Stay With the Wind You Have
Stay With the Wind You Have
But we had waited; the new wind had appeared; it was obvious, a strong dark line only a mile ahead. And we were still wrong; the advantaged side had been to the left, away from the new wind.
Conditions in which one side is obviously advantaged are the least common of the three typical wind scenarios in a race, but it seems to be the one most used. In professional match racing (with the aid of a team meteorologist, a tactician, and a strategist) a deliberate choice is typical: "They seem to want the right." The implication is that there is something on the right that is better than on the left, and that they know about it. The average sailor mimics this behavior, presumes that an advantage exists, and acts as if he knows what it is. Although one side often turns out to have been advantaged, predicting during the next 25 to 30 minutes which side that will be is actually quite difficult.
The development of a new wind is a particularly unreliable reason for an immediate move to one or the other side of a beat. The most reliable reasons, in order of certainty (and none are certain), are as follows:
➤ A persistent shift or an alteration in velocity due to channeling
If local knowledge includes the presumption that the existing wind will shift or alter in velocity as it bends around or passes near a shoreline feature (particularly if the airflow is cold and the feature prominent), presume that it will create an advantage on one side of the course and head for it.
➤ Divergence and veering in a parallel-to-shore wind
In a parallel-to-shore flow with water on the wind's right, acceleration and veering of the overwater segment takes place in a near shore band as it diverges from the slowed overland segment. This results in a near certain advantage on the right side of the beat, is only slightly less common than reason No. 1. Whenever a racecourse is set so that a significant portion of the starboard layline lies within one-quarter mile of a shore to the right, head for that shore.
➤ A major difference in the current velocity between the two sides of the course
Management of this condition (tacking immediately to the advantaged side) should be limited to circumstances in which you have measured the difference in velocity with a current stick and in which, short of the laylines, the difference is significant.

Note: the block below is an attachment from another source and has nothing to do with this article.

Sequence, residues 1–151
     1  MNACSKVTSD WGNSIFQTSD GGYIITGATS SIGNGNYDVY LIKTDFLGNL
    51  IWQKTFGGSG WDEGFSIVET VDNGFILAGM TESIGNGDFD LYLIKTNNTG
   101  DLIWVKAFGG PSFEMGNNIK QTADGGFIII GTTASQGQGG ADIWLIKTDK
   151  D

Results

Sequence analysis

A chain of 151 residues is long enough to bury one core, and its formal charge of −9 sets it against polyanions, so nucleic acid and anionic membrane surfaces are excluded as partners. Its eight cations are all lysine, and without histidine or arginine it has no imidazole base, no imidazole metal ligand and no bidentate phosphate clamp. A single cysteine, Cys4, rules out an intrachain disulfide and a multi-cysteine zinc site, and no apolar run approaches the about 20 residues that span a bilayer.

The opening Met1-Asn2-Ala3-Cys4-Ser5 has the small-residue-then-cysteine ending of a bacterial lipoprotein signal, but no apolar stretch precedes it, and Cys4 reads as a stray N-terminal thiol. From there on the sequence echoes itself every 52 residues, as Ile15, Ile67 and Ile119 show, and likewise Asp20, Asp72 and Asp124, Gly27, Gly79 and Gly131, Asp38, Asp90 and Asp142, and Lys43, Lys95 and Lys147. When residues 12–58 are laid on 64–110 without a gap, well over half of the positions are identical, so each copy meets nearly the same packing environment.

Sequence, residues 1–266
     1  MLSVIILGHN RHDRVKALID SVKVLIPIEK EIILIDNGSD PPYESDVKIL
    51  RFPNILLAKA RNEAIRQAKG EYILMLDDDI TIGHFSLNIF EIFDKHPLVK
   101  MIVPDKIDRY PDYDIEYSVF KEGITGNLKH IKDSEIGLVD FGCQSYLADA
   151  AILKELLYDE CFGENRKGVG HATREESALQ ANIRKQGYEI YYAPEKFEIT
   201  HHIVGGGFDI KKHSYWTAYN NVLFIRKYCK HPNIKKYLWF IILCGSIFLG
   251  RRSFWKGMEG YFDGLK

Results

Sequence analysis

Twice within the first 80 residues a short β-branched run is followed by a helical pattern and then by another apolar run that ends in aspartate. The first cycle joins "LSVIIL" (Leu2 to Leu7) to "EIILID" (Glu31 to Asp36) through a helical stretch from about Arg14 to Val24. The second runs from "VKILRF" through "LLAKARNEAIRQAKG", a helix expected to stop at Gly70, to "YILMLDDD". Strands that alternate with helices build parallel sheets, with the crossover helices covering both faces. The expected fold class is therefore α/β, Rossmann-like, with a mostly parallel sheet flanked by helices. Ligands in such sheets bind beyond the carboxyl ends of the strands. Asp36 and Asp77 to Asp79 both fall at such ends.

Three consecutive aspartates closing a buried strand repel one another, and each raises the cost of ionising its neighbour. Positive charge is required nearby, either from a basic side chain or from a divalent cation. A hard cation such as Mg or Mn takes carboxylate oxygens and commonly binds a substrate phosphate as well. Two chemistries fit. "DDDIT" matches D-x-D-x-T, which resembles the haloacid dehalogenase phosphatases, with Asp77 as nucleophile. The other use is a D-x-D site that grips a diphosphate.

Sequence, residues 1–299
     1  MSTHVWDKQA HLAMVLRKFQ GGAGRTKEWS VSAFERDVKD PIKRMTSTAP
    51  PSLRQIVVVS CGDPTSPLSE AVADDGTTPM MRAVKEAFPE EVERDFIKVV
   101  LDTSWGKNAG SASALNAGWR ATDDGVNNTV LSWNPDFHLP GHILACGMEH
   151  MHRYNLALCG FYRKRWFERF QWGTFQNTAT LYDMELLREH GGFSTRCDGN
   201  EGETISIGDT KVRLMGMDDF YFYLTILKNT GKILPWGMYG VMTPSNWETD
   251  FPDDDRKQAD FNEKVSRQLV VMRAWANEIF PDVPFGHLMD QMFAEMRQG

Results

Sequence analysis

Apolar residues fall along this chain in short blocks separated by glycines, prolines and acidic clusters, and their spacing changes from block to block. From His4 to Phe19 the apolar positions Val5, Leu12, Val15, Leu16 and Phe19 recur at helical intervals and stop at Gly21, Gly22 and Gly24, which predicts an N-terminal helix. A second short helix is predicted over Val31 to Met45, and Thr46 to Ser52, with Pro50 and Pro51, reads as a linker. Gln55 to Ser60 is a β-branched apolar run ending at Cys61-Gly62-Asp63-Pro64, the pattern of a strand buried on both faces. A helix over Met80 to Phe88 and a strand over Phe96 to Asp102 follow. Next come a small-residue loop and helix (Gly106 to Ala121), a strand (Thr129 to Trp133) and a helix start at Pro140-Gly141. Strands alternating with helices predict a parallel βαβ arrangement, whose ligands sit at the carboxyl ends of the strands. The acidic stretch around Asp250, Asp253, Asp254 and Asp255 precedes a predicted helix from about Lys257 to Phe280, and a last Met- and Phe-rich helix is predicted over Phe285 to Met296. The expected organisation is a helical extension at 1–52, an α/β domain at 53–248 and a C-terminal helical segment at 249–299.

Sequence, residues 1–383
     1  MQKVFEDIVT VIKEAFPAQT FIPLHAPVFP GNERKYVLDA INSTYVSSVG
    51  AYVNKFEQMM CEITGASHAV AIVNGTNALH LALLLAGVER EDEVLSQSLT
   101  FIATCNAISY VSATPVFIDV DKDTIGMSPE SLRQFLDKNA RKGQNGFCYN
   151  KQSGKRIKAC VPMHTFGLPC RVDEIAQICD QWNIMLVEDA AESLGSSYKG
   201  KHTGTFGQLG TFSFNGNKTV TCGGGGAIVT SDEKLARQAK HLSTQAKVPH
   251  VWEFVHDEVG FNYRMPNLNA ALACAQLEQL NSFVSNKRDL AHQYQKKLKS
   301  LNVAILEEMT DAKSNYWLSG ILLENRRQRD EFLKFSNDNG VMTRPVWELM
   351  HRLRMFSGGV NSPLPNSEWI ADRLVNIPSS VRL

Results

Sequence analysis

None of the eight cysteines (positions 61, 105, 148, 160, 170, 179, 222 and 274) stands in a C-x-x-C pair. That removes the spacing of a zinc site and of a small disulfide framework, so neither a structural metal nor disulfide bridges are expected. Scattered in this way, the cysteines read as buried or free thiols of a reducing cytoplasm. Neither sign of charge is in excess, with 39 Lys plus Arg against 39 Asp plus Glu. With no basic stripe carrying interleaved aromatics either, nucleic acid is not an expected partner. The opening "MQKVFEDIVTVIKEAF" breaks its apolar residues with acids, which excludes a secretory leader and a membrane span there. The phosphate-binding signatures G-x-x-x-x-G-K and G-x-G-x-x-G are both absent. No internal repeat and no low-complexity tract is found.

➤ A persistent shift due to a velocity veer (or in the Southern Hemisphere, a velocity back)
If, in the early part of the afternoon, the local sea or lake breeze usually increases in velocity, it will veer as it does so. Restrict the presumption that a velocity veer will advantage the right side of the course to sea/lake breezes in early afternoon.
➤ A near-shore veer in an insolating, offshore wind (particularly a sea/lake breeze blowing over and off land)
Thermal turbulence above a sun-warmed surface regularly induces downdrafts of higher velocity, upper-air flow so that overland and near-shore the mixed wind is veered to that farther offshore.
➤ A dying wind replaced by a new wind (and/or two winds simultaneously)
If the wind dies during an around-the-buoys race, one can presume it is about to be replaced by a new wind, usually by a thermal wind, which results, for at least a brief period of time, in two winds simultaneously (see below).
➤ A difference in wind velocity or wave size
Differences in wind velocity (or wave size) are significant in light to moderate winds when boats are sailing at less than their hull speeds (and particularly in very fast boats whose speed continues to increase at boat speeds above their hull/length limits). However, even though such differences often cause one side of the course to be advantaged, in the places that race committees usually select (far from blanketing shores and leeward barriers), that side is rarely predictable. Even the side that in a pre-race inspection appears to have the greater velocity is unlikely to continue to do so during the 20- to 30-minute beat to come.
Read more Stuart Walker stories from the Sailing World archive.